I’ve had more than a tiny group of people contact me with a simple question about the city parks in Amarillo. So far, as some of you know, I’ve been quiet on these kinds of things, preferring to do Other Things that are interesting and fulfilling and, generally, much more compassionate than local politics.
All of us have a breaking point, and this one is it for me. There’s been quite a bit of talk, speculation, inane chatter, and straight-up deceit smothering my dear and sunny community, and since I’m not running for any office, or buying any property, and burying any bodies, I thought, instead, I’d like to understand a few of these claims and talk about facts, while, simultaneously, using run-on sentences to make my point.
Is the city of Amarillo selling its parks to companies?
No. This is silly and nonsensical.
On September 1, 2020, the head of the Amarillo Parks Department pitched an idea to the city council. (You can watch it here - I wish the city would index the videos of these meetings.) Overall, the idea was to lease some unused space at John Stiff Park to bring in some revenue to support all the city parks around town.
So far so good. I get it. Having areas for food trucks or other amenities people have been asking for isn’t bad at all.
But would the city lease to, say, some giant chemical plant in the middle of the park? Nope. These leases are for projects that would enhance the park, not destroy it.
And with it the city could (FINALLY) build a safe pedestrian path across 45th street so people could get to the park and library without driving. That’s something I had tried to get built for years.
Since the city’s budget is so tight (I’ll talk about taxes and where the money goes in a different post later), this pitch was actually just about applying for a grant that would pay for the infrastructure costs (you know, sewer, water, power) to make this whole idea attractive to interested people.
SO: on September 1, 2020, the request was to ask for a resolution to file for a grant.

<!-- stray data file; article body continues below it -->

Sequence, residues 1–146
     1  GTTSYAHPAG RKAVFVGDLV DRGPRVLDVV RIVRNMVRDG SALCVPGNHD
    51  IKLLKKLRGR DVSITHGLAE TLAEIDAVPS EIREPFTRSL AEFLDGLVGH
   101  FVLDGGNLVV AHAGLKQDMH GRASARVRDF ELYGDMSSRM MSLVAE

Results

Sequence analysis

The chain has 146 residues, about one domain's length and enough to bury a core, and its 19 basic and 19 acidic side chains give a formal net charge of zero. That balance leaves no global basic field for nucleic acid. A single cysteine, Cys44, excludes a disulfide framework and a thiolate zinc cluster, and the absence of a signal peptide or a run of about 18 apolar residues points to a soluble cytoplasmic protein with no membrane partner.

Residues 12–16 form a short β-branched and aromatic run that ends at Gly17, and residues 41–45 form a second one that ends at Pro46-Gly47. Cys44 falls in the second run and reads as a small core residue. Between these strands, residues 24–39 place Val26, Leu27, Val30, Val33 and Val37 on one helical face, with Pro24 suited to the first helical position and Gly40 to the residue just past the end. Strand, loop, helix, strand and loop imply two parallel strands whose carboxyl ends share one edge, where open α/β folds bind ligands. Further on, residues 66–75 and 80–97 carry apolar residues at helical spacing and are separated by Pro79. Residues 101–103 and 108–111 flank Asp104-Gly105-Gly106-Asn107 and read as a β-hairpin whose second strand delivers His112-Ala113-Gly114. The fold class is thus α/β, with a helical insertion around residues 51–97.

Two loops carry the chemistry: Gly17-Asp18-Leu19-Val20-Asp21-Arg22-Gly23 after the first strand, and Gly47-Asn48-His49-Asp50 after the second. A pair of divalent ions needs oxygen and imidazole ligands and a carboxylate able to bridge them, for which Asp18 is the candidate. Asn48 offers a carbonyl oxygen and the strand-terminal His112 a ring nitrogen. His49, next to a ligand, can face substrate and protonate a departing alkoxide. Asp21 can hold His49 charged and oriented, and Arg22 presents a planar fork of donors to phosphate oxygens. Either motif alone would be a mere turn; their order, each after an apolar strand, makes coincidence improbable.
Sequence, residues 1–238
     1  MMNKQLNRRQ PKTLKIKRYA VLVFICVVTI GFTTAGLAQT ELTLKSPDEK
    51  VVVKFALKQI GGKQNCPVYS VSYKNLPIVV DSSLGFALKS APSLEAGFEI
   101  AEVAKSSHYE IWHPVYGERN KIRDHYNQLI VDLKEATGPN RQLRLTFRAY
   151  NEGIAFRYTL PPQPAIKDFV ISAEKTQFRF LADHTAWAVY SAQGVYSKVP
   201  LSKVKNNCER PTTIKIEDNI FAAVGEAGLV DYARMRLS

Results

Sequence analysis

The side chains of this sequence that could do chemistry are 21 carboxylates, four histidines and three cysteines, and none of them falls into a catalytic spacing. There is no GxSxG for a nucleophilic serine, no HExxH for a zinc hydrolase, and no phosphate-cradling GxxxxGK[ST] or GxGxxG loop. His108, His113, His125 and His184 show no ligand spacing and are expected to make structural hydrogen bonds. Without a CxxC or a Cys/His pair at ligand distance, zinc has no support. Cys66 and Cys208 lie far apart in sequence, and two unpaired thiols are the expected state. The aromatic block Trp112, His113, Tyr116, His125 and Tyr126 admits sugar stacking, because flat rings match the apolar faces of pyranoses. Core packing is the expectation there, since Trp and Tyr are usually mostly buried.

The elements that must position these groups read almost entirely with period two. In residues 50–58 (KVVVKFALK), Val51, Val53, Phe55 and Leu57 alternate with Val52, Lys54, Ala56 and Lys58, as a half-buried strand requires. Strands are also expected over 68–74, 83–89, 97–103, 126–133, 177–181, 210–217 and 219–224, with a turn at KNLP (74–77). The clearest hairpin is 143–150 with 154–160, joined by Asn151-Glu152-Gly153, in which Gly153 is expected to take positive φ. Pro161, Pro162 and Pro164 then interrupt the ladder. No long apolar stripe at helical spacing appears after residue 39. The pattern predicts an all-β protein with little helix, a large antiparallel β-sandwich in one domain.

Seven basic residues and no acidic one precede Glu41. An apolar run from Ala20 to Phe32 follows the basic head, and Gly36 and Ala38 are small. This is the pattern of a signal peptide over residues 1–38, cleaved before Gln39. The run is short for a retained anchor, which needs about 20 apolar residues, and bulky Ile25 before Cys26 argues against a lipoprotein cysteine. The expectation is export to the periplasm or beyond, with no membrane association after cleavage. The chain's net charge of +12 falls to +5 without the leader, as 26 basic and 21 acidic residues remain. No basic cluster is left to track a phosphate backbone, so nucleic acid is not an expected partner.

No selling land. No spending tax money. No commitment to anyone.
Here’s the rub: the city didn’t get the grant after all. All this is moot. That means there’s no money for the infrastructure. That means there’s no leasing the land. That means there’s no extra revenue to fix up, say, Bones Hooks park in North Heights.
There’s a certain vacuousness about the argument about the city selling our property to “companies who are importing employees from blue states with failed policies.” (I believe I have that quote right - I don’t wade into the mire of Facebook.) I don’t know what ‘importing employees’ means or what ‘blue states with failed policies’ means either, although I did see Blue Man Group off-Broadway in 2005 and it was amazing.
What I do know is more people are asking me about the truth of this, and all I can do is go through the published record, look at the votes, and understand the resolutions or ordinances the city council evaluates and passes. So the truth is what I’ll go for. Every time.
The mayor did state:
“”— Mayor Ginger Nelson
This is accurate, and I find nothing wrong at all about trying to generate more revenue to make our parks better, as long as the leasing plan is consistent with building a terrific park system. Quality of life drives economic growth, and people who argue that are boneheads.
It’s egregious we cannot have engaging and reasonable policy debates and, instead, resort to lies. Hey, I know it. They all came at me too when I was on the city council.
I just don’t want to be quiet anymore.